You commented that professional negligence is if “he knew what he was saying was not true”, in fact that would be fraudulent misrepresentation. Not to be confused with negligent misrepresentation where somebody states something that is not true and they would have known it was not true if they had undertaken adequate care and due diligence.

    At least we agree that English tort law is not nonsense!

    At the end of the day the CHF mortgage is only one of many issues that an awful lot of us have with our Cyprus investment and when you line them all up you may then understand why some of us get a bit animated about things…

  3. Nath,

    I think you’re misunderstanding what Duty of Care means, as well as giving so called advisers way too much credit for their professional abilities.

    Firstly, let’s look at your statement that you were only presented with one option.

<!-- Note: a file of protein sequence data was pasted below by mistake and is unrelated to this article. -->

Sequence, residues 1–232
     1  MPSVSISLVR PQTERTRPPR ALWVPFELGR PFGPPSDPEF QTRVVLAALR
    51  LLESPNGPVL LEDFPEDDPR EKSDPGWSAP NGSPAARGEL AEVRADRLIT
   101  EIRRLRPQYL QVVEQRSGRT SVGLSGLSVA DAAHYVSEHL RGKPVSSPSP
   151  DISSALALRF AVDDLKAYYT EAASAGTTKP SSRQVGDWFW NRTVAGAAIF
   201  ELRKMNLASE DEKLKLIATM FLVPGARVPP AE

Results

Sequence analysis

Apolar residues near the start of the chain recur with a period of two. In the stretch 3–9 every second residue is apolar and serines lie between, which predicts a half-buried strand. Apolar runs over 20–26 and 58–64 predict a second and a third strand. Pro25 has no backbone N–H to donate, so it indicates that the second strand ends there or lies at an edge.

If you wanted to buy a car and went to a vast showroom, and the car salesperson directed you to only one window (as he was only authorised to sell products from that window) in which there was only one car, would you buy it?

    If you did buy it (hopefully you would walk away and shop around) and it turned out to be rubbish, whose fault?

    Secondly, with regards to duty of care, I could be the most trustworthy adviser in the world, warn you of all the risks in an investment THAT I UNDERSTAND, look at your affordability and financial situation until we’re both blue in the face, but if I’ve only got one product to sell and, due to my level of competence, there is nothing that screams out its unsuitability to you, guess what product you’re gonna get?

    Would your adviser have understood the complex relationship between a tranche of Swiss Francs bought at a certain rate over a certain period of time, based on their at the time low exchange rate to the £? Would he have been able to make an assessment on the long term prospects for the UK and Swiss economies and thus the rate of the £ to the CFH at some future date? If you are expecting your mortgage adviser to do all that, then you placed FAR too high a faith in him.